By Swati Sharan
HAMILTON: Over this past Janmashtami weekend, so many people in the Hamilton Samaj Temple were endlessly blessing me. And it was for a simple activity for our Bal Vihar (youth program) where we did a matki phod in pinata style for kids of all sizes which was a big hit with everyone. And the blessings have not stopped here. The community members have been countlessly doing so for the last number of months just for such humble attempts at furthering Bal Vihar here.
But if I were to reflect over who I believe truly deserves the credit behind the activity’s success, it would be Swami Chinmayananda. And there could be no better time to give him this credit than during his birth centennial year. For across the nation, Swami Chinmayananda was responsible for setting up organized curriculum and programs for Hindu youth to follow. And I had the great fortune of being one of those youth who came from the Newfoundland chapter.
As we were growing up, every Sunday we would go to Mount Pearl for these Bal Vihar sessions. We would read prayer and hymn books which would both be written in English and Sanskrit. We would also learn child friendly bhajans that were 30 seconds long. We would also learn yoga and then we would be excited for our turn to do pooja and lead bhajans. We were a completely child run institution with adults stringing us as puppets whichever way they wanted to. And between the bhajans and the aarti, we would have personal development time according to our age groups.
For little kids, it was about telling one another religious stories or by participating in Godly trivia. For older kids, it was about learning higher values or Sanskrit terms and ideologies. They were also encouraged to take on leadership roles by creating and staging dramas based on Hindu culture. For many smaller special occasions, we would be asked to prepare speeches for them. Needless to add, many special bonds were forged over a lifetime through such frequent intimate interactions.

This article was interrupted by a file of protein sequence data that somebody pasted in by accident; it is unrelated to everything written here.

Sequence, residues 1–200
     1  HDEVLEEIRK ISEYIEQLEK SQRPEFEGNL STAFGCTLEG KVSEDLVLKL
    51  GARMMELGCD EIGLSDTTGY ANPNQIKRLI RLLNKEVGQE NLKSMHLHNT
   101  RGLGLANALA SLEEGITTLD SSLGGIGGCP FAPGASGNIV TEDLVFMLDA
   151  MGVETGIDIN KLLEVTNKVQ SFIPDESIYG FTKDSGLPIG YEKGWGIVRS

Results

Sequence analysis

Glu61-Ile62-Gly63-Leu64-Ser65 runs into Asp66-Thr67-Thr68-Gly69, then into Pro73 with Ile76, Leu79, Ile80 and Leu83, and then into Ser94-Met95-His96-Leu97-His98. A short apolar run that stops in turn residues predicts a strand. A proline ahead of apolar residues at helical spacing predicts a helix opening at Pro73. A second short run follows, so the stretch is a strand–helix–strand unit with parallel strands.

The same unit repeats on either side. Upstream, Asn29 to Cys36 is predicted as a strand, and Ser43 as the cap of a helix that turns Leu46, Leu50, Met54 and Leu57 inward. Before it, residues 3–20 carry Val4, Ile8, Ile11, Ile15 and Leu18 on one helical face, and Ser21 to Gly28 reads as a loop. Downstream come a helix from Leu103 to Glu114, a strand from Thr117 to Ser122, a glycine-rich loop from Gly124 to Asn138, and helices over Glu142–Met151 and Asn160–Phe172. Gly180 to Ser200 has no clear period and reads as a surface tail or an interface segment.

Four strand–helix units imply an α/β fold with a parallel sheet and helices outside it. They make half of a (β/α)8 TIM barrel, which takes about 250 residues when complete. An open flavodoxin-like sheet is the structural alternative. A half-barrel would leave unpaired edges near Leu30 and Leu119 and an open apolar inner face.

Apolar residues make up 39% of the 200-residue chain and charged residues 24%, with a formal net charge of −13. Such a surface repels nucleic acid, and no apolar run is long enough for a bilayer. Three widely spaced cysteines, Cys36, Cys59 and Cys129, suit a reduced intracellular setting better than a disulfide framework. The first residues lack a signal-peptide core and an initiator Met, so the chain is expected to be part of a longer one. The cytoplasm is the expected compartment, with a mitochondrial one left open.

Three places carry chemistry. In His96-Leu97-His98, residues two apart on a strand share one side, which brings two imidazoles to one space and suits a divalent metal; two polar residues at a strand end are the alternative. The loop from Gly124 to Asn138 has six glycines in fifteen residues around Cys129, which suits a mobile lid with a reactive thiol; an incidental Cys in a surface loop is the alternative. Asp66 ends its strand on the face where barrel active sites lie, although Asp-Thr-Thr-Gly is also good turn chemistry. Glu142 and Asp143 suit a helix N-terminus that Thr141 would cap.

We were also encouraged to develop ourselves in Bharat Natyam where sometimes both dance and drama were infused. The Bharat Natyam learning would happen during Easter and the summertime for 10 days to 2 weeks at a time. For different occasions, there were fusions of both eastern and western ways to make it easier for the youth to adapt. This included things like doing wakeathons or celebrating Krishna’s birthday with candles on halwa and singing happy birthday. When different Swamis would come, special sessions for youth would also be held in English to help understand ancient wisdom.
Through such interactions, many of us got the confidence in our teen years to be able to explain Hindu concepts to society at large and even dispel myths where necessary. Indeed, though such youth grew up with dual cultural influences, I also observe a great assured sense of identity amidst those who were thoroughly groomed in the system.
In our current times, one can’t help but note the traces of Chinmayanandaji’s instilled values in the third generation too which have slowly started to emerge. Mind you, the third generation that permanently remains in St. John’s is small but uniquely creative with the Bal Vihar cause while some other third generation visit annually and display their talents then. In fact, the Bal Vihar fever is so much so that a small number of these second generation parents have started an online Bal Vihar group on skype.
So indeed, Bal Vihar has been taken to a different level and the Newfoundland community continues with their prominence. In fact, while interacting with the local Hamilton Hindu community, I get to realize how much of a brand our Newfoundland Bal Vihar program has become. Oh no wonder, you’re from Newfoundland, some say. I know exactly where you got your Bal Vihar leanings from.
For this, I thank our elders and peers who put in countless hours for making Chinmayanandaji’s dream a journey of self-realization for all of us. And in the words of the Chinmaya Mission pledge, may the blessings that flow through us flow to the world around us. Om tat sat.